JK Resin


German WWII Zimmerit
for Jagdpanzer IV L/48 "Early/Mid Version"

Kit #: JKT72045 Preview by Rob Haelterman

The Jagdpanzer IV L/48 was produced from January 1944 (when Zimmerit was already mandatory) to November 1944 with the following modifications carried out during production [1]:

  • Feb '44: Spare tracks moved from glacis to rear; spare wheels moved to engine deck
  • Mar '44: left MG port permanently closed with beveled instead of cone-shaped cap. Opening later dispensed with altogether. Some vehicles fitted with Rundumfeuer MG.
  • Apr '44: corners of gun mantle beveled; muzzle brake starts to be phased out (only from August '44 onwards according to [2])
  • May '44: thicker frontal armor; cut out needed in gun mantle to accommodate larger MG cap
  • Jun '44: square instead of beveled box over radiator filler caps
  • Sep '44: Zimmerit dropped
  • Oct '44: three return rollers instead of 4

Dragon's Jagdpanzer IV L/48, "Early" (7276) has the features that are in bold in the list above (if we follow the instructions). It is thus mostly an April 1944 vehicle (if we sand down the second MG cap). Alternatively, we could use the spare gun mantle of the early type that is included (but that the instructions don't mention and that is used in none of the other Dragon Jagdpanzer IV kits) and easily backdate the kit to a March 1944 vehicle.
In both instances, the lack of Zimmerit in the kit is a nuisance, although it might not be impossible to modify the kit to a late September 1944 vehicle without Zimmerit, as the Dragon kits contains a second gun barrel without muzzle brake (but that, again, the instructions don't mention and that is used in none of the other Dragon Jagdpanzer IV kits).
Surprisingly, the kit comes with late style Schürzen (twice, in PE and in plastic, but the same style). If the latter bother the modeler, they can be left off, as many early Jagdpanzer didn't carry them. Alternatively, they might be used to hide the number of return rollers and pretend the kit represents an October 1944 vehicle.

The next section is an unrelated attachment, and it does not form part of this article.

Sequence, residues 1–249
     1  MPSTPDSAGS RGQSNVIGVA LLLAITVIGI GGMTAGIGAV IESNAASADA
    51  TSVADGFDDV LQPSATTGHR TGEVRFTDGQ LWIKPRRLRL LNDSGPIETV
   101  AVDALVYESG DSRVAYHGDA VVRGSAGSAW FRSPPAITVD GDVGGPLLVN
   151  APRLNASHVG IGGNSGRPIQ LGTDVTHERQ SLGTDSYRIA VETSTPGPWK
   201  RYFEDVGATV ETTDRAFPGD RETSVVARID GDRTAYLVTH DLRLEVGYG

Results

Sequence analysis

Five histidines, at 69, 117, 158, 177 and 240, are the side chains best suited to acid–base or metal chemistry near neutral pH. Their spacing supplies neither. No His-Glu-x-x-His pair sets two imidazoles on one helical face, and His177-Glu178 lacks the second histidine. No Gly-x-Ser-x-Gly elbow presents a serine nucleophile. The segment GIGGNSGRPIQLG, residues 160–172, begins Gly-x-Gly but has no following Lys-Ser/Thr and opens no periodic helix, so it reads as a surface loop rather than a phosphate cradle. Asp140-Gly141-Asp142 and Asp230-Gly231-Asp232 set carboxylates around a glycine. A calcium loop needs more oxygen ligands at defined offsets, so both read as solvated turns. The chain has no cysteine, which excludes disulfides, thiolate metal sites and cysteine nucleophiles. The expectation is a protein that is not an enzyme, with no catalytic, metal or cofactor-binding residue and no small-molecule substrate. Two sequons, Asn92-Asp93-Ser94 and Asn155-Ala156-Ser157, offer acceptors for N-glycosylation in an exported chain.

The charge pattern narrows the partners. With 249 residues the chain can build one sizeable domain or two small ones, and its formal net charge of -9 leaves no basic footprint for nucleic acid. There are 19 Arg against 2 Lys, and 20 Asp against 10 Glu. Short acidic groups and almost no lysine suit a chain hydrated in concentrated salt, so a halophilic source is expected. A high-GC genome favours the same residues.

JK Resin once again comes to the rescue. Note that the "early/mid" on the boxtop probably refers to the real production sequence and not to a Dragon boxing, as (as far as I know) Dragon never released anything else than the Jagpanzer IV L/48 "Early". Dragon's kit is indeed a pre-September 1944 model as it still has four return rollers in each side. Modelers who want to hide the return rollers behind the Schürzen and pretend it is a late, post-Zimmerit version


As the instructions already show, the JK Resin set contains a large number of parts, some in wafer thin resin sheets (to the point of being translucent), comparable to JK's general Zimmerit sheets, and more traditional resin replacement parts.

Below are the wafer thin, pre-cut Zimmerit sheets, which I hardly dare to touch. (Don't handle them when you have a cold.)
I think it would be safest to add them to the Dragon parts using varnish, instead of glue, as the glue might be too thick and spread out unevenly, ruining the quality of the resin parts.